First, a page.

|Bloomsbury Publishing Plc|
|Large business (250+ employees)|
Like this profile?
Add this profile to your favourites so you can return to it later from your account.
A day in the life of a Editor in the United Kingdom
What I do
I'm an editor for the Natural History lists at Bloomsbury Publishing - I commission and oversee the production of new titles.
Skills I use and how I developed them
- Written and verbal communication
- Working in a team
- Building relationships
- Commercial awareness
- Eye for detail
What I like most
Building an effective working relationship with an author, producing a good book that we're proud of, and celebrating success.
What I like least
The volume of admin.
What surprised me most
The amount of responsibility you can be given at an early stage - it was a bit dauting at the time.
My career goals when I graduated
To do something related to written content.
My career history
I started out looking for work locally in Gloucestershire, and basically just emailed any publishing-related company in the area to see if I could get some work experience. I was lucky enough to be taken on by a publishing services company, which enabled me to build up contacts across the industry. This then led to my first in-house job in London (for I.B. Tauris, who were looking for maternity cover) in 2015, which resulted in a permanent job, and 3 years later they were bought by Bloomsbury. I've now been able to move across divisions and departments to take up my current role.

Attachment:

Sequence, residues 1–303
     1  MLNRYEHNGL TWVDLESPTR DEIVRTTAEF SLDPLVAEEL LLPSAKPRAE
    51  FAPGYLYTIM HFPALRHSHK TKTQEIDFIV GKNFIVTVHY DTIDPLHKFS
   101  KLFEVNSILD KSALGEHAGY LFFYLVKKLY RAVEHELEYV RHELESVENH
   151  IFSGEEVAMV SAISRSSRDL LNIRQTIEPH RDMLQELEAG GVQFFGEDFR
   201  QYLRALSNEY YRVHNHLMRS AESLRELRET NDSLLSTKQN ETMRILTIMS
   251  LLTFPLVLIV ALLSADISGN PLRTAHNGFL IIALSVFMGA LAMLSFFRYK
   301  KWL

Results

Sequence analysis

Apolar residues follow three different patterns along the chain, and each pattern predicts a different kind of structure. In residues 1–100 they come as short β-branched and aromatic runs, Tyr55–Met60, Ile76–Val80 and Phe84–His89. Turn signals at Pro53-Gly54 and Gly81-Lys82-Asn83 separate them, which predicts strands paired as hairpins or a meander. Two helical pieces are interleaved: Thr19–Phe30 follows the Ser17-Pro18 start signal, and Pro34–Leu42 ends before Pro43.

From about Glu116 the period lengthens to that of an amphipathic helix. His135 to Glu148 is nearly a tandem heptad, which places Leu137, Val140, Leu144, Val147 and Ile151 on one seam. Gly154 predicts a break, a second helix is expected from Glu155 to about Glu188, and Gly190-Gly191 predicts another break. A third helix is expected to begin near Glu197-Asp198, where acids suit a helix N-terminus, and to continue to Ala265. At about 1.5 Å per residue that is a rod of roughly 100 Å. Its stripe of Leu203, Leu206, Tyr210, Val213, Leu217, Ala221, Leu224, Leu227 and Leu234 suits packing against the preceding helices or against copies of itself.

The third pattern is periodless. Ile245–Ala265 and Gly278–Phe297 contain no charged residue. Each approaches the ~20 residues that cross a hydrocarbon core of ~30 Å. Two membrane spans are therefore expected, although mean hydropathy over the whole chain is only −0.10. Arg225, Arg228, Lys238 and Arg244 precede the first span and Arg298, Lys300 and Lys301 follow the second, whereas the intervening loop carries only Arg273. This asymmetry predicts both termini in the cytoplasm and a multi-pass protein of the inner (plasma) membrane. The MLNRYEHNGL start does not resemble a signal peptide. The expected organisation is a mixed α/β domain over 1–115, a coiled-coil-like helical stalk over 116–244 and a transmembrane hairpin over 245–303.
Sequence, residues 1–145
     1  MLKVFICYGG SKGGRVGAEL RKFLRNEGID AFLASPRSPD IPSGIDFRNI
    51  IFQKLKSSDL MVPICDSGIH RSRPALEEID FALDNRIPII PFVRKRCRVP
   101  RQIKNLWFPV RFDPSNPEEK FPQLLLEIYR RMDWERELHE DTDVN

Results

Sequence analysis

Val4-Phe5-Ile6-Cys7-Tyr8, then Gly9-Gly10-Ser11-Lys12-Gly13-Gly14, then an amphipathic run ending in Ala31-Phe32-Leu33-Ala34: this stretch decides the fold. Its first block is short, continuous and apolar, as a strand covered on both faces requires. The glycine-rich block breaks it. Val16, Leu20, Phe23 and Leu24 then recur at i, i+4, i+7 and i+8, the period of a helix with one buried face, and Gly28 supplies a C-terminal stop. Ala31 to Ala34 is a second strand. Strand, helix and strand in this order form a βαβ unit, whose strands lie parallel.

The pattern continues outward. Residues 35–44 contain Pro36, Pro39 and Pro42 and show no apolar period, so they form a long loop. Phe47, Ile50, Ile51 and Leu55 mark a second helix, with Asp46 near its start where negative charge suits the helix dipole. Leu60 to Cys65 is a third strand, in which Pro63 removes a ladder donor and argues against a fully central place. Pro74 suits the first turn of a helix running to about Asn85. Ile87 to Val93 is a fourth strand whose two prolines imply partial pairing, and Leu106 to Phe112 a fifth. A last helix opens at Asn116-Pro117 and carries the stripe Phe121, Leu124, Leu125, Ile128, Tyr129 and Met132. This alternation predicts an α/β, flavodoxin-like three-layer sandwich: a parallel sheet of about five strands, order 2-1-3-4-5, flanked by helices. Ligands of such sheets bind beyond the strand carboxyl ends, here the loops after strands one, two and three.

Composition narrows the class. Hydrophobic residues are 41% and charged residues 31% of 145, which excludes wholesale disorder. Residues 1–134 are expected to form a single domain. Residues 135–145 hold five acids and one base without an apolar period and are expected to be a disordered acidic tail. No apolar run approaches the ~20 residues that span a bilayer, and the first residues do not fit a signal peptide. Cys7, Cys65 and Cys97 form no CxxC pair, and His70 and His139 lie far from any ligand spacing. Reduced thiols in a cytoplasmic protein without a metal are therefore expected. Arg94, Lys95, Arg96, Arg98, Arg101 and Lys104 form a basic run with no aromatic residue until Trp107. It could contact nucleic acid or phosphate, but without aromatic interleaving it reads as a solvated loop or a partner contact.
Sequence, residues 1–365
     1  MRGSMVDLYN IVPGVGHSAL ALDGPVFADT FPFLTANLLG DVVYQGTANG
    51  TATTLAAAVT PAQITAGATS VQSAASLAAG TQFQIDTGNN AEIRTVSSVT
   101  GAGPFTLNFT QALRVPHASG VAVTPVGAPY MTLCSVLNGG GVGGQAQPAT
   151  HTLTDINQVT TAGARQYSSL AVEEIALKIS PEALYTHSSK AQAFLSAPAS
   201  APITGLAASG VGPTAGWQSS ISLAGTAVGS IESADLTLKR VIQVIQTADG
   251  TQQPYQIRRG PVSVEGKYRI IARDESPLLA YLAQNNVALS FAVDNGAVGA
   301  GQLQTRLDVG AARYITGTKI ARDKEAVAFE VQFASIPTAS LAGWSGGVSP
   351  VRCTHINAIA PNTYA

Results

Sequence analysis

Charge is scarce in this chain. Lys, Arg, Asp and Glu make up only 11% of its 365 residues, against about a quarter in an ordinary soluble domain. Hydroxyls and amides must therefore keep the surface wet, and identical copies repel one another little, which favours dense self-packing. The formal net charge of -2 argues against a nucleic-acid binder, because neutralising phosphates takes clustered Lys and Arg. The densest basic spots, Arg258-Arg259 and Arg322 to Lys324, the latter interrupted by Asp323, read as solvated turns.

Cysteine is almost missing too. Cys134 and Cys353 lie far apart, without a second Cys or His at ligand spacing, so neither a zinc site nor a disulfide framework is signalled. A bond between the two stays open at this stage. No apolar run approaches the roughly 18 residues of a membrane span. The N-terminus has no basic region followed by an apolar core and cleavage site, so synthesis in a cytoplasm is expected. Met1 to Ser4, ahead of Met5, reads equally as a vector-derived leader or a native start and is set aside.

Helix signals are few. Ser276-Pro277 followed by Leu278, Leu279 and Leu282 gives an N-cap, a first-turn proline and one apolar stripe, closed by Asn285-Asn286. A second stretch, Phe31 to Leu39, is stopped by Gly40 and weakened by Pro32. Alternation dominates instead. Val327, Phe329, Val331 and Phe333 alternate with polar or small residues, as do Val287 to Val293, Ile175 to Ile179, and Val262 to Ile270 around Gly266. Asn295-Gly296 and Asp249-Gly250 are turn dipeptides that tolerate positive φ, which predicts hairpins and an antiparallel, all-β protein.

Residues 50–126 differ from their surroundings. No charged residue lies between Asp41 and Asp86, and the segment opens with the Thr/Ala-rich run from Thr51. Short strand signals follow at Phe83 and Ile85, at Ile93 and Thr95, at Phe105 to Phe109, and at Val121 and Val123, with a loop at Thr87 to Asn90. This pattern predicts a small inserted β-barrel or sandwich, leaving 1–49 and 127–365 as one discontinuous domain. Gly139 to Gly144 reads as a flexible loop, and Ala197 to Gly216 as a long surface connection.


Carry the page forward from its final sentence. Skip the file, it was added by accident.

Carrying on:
What has helped my career to progress
Building up contacts and persistence.
Courses taken since graduation
I've done a number of courses at the Publishing Training Centre.
How my studies have helped my career
History really helped me to think critically about what I was reading, and how books fitted into broader debates - useful skills for commissioning.
Where I hope to be in 5 years
Hopefully in a more senior commissioning role, with a broader humanities trade list. But really who knows!
My advice to students considering work
Follow your instinct and what really interests you, be persistent and consider alternative routes to where you want to get to, and be open to new opportunities that you might not have considered before.
My advice about working in my industry
Get stuck in, and make a real effort with colleagues (publishing is full of lovely people).
If you like the look of David’s profile, the next steps are down to you! You can send David a message to find out more about their career journey. If you feel you would benefit from more in-depth conversations, ask David to be your mentor.